At Hoxby, we recognise the power of a global community, removing all bias from the way we attract talent, breaking all potential barriers like gender, age or disabilities. It’s enabled us to attract and include a truly diverse pool of people in our community of multiple backgrounds and expertise – and offer our clients access to collective intelligence that’s second to none.

Nurture young workers from the start

Nurturing needs to start early on, so employees should take onboarding seriously. Be creative – physical welcome packs help build connections and make newbies feel valued. At Hoxby, we send out all our new starters physical welcome packs to make that all-important connection to the real world.

Once onboarded, encourage people to be in the office for a maximum number of hours rather than a minimum number of office days. Appoint co-hosts for meetings for people in the office and people working remotely.

If a new younger employee feels that they are working for a company that values them, they’re more likely to travel to the office for a couple of days a week. Younger recruits don’t want to be tied to one location but are willing to be flexible if they believe it benefits their careers.

Candidates want to see that their training is a priority, so companies putting the spotlight on career progression will outpace their competitors. Dedicated online learning portals help, as does having different projects to learn from and get involved with.

Our internal academy brings new Hoxbies up to speed on our culture and processes, the language we use, the responsibilities and scopes of different projects and – importantly, how they can contribute to and benefit from the community. We articulate and embed our purpose in everything we do, so that new Hoxbies can quickly understand the organisational culture and figure out their place in it. We’ve even developed bespoke emojis on Slack for each of our values.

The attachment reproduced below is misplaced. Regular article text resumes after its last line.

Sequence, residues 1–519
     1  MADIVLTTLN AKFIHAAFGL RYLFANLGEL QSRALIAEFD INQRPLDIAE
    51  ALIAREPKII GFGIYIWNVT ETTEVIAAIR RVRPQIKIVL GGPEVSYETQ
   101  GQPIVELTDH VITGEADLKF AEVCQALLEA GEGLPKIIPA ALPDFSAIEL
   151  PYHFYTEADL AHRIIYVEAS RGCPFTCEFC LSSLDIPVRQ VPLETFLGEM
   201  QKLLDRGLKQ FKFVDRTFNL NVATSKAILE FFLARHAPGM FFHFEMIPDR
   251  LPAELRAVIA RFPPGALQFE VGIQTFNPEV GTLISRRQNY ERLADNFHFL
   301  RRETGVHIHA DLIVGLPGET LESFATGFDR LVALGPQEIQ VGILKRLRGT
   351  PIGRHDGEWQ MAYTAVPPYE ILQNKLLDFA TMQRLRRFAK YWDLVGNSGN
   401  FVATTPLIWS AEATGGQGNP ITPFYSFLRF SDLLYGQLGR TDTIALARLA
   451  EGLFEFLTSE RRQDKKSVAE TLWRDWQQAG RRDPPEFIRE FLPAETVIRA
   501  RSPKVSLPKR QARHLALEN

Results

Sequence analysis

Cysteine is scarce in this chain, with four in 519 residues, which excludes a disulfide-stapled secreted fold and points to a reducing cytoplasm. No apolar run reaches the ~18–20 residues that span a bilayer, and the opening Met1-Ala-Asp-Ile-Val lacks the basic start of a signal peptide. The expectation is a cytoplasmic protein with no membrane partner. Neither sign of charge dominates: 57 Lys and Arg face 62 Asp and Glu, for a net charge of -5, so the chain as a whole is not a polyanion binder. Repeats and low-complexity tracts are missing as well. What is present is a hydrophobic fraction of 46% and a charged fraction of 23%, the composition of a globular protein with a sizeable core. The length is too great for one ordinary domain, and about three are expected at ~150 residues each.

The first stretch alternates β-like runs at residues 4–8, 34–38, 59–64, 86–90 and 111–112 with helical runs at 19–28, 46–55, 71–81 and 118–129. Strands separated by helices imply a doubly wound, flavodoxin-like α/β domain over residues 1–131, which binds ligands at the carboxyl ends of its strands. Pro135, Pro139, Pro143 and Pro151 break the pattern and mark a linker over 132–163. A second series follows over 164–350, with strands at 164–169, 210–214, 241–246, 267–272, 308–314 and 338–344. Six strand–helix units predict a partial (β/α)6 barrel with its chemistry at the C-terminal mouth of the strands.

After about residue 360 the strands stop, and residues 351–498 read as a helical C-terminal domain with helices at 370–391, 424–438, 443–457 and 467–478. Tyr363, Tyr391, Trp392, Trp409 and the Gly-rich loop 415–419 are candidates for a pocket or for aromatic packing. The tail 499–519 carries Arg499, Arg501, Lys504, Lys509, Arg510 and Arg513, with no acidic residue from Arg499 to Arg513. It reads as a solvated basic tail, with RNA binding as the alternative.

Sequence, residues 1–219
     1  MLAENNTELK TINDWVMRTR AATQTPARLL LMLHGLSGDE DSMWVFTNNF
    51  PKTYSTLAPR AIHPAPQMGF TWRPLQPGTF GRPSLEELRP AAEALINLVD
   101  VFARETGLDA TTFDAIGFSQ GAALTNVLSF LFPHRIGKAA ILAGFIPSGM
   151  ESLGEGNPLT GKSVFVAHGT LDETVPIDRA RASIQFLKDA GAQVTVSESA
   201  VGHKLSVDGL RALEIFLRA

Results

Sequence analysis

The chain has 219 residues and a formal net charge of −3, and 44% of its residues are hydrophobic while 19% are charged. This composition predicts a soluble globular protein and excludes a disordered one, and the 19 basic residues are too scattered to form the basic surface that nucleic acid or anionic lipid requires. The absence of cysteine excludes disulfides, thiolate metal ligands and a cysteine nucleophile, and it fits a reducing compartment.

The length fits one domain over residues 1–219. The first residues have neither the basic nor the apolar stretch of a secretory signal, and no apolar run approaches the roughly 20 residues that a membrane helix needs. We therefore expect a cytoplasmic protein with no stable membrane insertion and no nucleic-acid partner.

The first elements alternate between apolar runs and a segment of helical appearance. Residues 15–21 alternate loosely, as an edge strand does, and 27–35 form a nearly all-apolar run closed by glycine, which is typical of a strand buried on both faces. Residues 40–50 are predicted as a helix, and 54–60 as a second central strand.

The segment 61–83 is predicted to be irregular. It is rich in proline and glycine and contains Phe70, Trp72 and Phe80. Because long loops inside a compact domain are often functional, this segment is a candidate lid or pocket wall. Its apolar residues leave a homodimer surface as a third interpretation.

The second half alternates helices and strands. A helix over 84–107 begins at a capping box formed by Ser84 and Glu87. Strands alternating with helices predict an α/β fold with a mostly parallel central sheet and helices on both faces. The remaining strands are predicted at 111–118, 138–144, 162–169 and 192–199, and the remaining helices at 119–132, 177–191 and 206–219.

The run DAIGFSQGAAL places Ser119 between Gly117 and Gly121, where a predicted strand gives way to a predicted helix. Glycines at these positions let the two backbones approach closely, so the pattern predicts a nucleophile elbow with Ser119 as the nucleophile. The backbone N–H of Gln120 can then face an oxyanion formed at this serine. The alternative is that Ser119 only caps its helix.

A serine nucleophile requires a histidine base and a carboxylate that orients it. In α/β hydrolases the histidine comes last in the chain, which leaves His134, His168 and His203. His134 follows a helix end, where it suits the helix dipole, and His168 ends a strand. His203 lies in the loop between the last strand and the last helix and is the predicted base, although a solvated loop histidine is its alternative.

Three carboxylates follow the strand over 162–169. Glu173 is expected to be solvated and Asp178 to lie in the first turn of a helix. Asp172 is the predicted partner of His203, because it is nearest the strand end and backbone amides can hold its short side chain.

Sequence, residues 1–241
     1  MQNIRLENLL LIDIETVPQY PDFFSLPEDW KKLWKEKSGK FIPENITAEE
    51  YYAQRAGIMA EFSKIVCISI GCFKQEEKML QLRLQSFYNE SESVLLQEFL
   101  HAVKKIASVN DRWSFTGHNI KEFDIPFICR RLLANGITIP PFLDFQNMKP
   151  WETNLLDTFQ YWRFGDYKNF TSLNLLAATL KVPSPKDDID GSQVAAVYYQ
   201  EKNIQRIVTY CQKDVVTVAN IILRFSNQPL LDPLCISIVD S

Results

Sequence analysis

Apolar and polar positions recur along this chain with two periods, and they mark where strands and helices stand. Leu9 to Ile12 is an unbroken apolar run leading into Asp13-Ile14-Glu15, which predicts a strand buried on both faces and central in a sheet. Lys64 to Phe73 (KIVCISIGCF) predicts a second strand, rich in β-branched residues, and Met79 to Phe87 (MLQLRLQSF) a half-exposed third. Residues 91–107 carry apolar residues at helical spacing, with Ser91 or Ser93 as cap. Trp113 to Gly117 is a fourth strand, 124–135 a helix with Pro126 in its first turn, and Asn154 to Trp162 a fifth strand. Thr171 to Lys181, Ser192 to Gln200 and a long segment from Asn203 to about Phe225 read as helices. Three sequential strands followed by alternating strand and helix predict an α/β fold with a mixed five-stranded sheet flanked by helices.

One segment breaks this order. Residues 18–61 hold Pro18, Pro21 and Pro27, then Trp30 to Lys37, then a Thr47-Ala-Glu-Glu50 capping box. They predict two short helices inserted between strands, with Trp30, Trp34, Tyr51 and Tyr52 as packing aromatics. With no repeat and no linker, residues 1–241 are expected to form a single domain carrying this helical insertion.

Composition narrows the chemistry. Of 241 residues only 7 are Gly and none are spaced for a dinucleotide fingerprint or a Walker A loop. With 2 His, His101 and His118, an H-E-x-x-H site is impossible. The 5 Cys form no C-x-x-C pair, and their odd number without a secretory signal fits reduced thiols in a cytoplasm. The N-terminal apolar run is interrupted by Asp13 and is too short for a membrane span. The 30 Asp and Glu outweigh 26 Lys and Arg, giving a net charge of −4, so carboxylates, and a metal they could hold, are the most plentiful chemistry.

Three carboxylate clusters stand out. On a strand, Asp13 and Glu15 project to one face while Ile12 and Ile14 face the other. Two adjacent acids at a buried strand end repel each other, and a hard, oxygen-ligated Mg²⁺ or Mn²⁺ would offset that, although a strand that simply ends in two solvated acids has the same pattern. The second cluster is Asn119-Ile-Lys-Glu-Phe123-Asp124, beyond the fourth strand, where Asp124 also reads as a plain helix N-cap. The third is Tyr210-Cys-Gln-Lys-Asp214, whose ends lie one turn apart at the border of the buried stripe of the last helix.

Junior members are missing out on social chats around the water fountain, so Hoxby has created multiple dedicated interest channels on Slack to recreate the experience virtually. Our most popular channel, ‘the watercooler’, is a way for Hoxbies to connect, chat and get to know the Hoxby community. We have other non-work-related channels, too, such as ‘interest pets’, ‘interest parents’ and ‘interest food’, which provide online spaces for Hoxbies to unwind and connect outside of project work.

Play to the strengths of a tech-savvy generation

The younger generation is tech-savvy and companies that recognise this will motivate their younger team members. Their know-how and skills can also be used to upskill more senior staff, enriching morale and creating a more collaborative space. They can also help more traditional operating businesses adapt to new changes and pivot to more agile ways of working that are more flexible and efficient.

Employers can put systems in place that work for both young and experienced team members. As a remote community, Hoxby replicates in-person experiences with real-time tools like Google Docs or keeps video calls open to enable effective asynchronous working. We also use Threadit to create video threads where a written message doesn’t suit the conversation.

Digital technology can also help us harness our collective intelligence, creating a whole that is greater than the sum of its parts. It allows for global reach, almost 24/7, at a tremendous pace.

Digital tools such as Slack, Google Workspace, Trello, online call tools and Threadit are used by Hoxbies daily and benefit clients in remarkable ways. They allow Hoxby to deliver global insights and collective learnings in a matter of days, as well as run learning events and virtual workshops seamlessly across the globe.